Meta-data, such as formatting information, is found by referencing the associated Informant stylesheet 16 (which describes the informant) and the associated SmartMessage stylesheet 18 (which describes the activity and event). FIGS. 7A and 7B-1 to 7B-10 show examples of an Informant stylesheet 16 and a SmartMessage Stylesheet 18, respectively. An Informant stylesheet 16 describes the meta-data about the Informant, such as its name, website address, industry category, and the like. Another role of the Informant Stylesheet 16 is to provide information about and authenticate the sender of the message. The Informant Stylesheet 16 usually resides on the Informant's web server and is versioned by its filename. A MessageML platform like the novel Centerpost communications platform caches these stylesheets.
The SmartMessage Stylesheet 18 serves three main functions. The SmartMessage Stylesheet 18 defines activity and event class meta data and organization; defines the XML schemas of the activity 14 and event class 12 payloads (content); and defines how the payload is rendered for specific endpoints 20. The SmartMessage stylesheet 18 also informs the platform of the types of messages (or “event classes”) that have been created and may be sent by that Informant. The SmartMessage Stylesheet 18 generally resides on one of the Informant's web servers, but Informants can also share a common stylesheet on a shared server.
A MessageML platform like Centerpost caches these stylesheets in its own database so it can refer to them quickly without accessing the Internet. A single SmartMessage Stylesheet XML document can contain meta-data about several SmartMessage activities and events.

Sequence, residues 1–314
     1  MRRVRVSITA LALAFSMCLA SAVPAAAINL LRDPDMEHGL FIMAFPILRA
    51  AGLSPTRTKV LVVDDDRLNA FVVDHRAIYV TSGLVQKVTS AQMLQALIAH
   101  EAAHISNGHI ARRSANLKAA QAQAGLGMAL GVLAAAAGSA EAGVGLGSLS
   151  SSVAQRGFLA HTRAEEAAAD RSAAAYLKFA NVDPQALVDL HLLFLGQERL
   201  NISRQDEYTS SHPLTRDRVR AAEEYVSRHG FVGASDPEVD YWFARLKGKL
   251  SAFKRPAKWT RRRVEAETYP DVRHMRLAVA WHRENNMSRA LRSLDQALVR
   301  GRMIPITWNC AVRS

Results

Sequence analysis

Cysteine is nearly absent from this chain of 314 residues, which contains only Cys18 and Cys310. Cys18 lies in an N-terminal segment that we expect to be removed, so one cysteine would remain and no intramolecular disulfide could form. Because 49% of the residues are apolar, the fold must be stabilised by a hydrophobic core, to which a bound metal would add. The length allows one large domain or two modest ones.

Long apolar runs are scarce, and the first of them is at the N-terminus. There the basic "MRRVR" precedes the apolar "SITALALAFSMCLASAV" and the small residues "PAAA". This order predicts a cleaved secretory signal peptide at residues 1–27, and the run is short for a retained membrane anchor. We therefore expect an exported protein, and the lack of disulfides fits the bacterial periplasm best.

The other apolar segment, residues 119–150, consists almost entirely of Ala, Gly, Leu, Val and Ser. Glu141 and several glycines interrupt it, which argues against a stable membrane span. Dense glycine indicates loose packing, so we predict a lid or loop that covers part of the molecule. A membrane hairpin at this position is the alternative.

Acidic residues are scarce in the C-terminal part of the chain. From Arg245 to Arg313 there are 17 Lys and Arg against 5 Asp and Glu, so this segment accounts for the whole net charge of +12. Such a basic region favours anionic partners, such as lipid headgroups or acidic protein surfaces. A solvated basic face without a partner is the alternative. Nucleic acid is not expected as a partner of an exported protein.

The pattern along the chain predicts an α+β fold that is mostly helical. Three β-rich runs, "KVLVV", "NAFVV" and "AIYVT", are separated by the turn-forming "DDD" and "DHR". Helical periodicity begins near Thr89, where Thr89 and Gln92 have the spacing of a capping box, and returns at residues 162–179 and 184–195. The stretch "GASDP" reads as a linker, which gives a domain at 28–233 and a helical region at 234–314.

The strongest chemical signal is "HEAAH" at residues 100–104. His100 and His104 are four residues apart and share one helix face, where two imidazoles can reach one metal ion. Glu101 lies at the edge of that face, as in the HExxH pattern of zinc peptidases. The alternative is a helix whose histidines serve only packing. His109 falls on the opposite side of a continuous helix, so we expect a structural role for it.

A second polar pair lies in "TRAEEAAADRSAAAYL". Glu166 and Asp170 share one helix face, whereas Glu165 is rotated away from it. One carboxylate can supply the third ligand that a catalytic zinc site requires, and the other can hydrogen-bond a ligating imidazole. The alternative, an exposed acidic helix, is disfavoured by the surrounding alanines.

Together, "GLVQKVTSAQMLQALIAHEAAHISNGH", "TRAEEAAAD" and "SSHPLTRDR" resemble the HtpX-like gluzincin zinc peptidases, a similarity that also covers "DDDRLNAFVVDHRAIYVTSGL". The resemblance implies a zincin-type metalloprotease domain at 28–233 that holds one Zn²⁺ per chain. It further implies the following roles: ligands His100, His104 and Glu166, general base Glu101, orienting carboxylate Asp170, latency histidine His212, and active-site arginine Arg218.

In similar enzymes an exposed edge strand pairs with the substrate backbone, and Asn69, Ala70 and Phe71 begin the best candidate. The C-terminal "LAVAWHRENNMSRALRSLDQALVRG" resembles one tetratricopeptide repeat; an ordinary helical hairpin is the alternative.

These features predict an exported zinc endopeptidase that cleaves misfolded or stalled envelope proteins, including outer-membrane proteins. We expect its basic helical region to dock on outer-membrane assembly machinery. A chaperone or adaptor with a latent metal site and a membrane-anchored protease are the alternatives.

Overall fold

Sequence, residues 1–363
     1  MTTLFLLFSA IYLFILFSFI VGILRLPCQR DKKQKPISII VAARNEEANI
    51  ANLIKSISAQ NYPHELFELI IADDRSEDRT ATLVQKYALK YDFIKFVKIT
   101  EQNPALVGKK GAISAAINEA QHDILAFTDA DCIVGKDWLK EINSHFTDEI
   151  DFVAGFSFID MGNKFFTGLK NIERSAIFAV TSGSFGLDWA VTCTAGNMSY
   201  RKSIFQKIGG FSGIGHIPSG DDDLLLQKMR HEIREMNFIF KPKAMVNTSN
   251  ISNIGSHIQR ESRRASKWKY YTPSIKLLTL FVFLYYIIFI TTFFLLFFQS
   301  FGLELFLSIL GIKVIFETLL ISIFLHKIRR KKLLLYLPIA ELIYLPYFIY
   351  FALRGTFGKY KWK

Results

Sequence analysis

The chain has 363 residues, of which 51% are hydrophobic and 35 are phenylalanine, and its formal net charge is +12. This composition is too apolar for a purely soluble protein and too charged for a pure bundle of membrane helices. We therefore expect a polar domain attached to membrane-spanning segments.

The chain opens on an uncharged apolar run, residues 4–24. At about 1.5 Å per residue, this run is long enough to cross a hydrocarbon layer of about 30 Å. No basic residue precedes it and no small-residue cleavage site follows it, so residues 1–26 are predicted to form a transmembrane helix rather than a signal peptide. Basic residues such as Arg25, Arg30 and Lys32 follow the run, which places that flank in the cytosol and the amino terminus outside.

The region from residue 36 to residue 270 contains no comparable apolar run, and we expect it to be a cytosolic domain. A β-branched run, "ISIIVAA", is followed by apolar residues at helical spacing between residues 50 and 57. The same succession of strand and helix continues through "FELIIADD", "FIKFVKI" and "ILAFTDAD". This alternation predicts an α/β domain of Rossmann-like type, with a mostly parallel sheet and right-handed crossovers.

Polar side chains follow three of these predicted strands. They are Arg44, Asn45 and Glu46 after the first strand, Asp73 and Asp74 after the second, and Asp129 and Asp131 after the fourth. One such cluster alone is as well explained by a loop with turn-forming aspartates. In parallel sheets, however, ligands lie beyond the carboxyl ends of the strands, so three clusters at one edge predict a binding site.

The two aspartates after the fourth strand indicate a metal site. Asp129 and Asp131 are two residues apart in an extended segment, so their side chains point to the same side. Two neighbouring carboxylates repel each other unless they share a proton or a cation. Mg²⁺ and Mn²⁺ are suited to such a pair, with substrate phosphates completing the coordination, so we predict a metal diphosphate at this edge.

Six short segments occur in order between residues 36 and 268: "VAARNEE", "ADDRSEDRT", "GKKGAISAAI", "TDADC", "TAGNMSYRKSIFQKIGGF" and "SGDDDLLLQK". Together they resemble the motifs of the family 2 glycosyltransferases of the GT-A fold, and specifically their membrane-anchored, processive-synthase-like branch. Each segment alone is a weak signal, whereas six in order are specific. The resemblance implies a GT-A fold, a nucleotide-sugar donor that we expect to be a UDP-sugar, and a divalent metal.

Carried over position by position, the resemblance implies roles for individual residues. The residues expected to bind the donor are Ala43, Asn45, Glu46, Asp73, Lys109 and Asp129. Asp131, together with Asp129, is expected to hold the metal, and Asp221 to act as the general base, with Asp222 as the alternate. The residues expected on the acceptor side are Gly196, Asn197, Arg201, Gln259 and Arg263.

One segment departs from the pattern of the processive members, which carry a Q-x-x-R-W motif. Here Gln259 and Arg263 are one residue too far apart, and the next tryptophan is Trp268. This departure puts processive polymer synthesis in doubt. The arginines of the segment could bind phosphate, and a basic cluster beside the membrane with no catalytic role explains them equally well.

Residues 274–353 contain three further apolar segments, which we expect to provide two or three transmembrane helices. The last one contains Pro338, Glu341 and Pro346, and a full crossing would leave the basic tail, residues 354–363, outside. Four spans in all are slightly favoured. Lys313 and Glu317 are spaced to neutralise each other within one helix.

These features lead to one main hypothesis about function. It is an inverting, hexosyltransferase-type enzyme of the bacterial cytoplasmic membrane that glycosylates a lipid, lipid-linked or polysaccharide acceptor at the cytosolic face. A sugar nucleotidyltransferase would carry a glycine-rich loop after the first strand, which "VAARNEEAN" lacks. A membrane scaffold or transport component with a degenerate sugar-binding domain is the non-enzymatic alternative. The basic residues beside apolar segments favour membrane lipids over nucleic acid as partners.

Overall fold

The SmartMessage protocol has been developed to create an open, extensible message format used by the MessageML platform. The SmartMessage protocol enables corporations and other senders to create their own message formats that can be processed by the platform.
SmartMessages 10 contain standardized XML-tags that enable the platform to understand the nature of the message and forward, copy, format, convert, store, consolidate, summarize, or stop the communication accordingly. The XML tags describe things like the message immediacy, reach, sensitivity, and purpose. XML SmartMessages 10 are self-describing and self-formatting via stylesheets. In addition, the XML messages are fully extensible by senders to encompass their own fields and definitions. These tags are used by the platform to automatically determine how to display, summarize, and process incoming messages. With XML, the communications platform can more intelligently process, sort, synthesize, format and route messages.
The novel communications platform is a highly scalable and reliable XML messaging engine capable of processing messages based on highly dynamic and openly definable logic. The platform is fully aware of each individual user's entire communications environment, such as email boxes, cell phones, pagers, fax machines, telephones, etc. as well as the devices of spouses, assistants, friends, and co-workers, whom the user may wish to receive a copy of a message depending on its specific content. The communications platform automatically processes based on the pre-defined defaults, the user's preferences regarding his electronic endpoints (email boxes, wireless devices, etc.) and the attributes of the message itself. This embedded intelligence, for example, would send travel weather alerts to the user's home fax but flight cancellations to the user's cellphone with a copy to the assistant's work fax. Users can modify the rules if they prefer to deviate from the systems defaults. With this novel communications platform, individuals only define their endpoints once in a single spot and retain a lifetime electronic address for all of their endpoints.
The communications platform also contains escalation rules that allow further intelligence in message routing and delivery.
The platform will allow the user to view and interact with the interface used to control his endpoints, from other communications channels aside from a website, such as from a voice phone using voice recognition or a WAP browser. The user thus will be able to, for example, adjust delivery preferences and folio preferences from his PDA or mobile phone.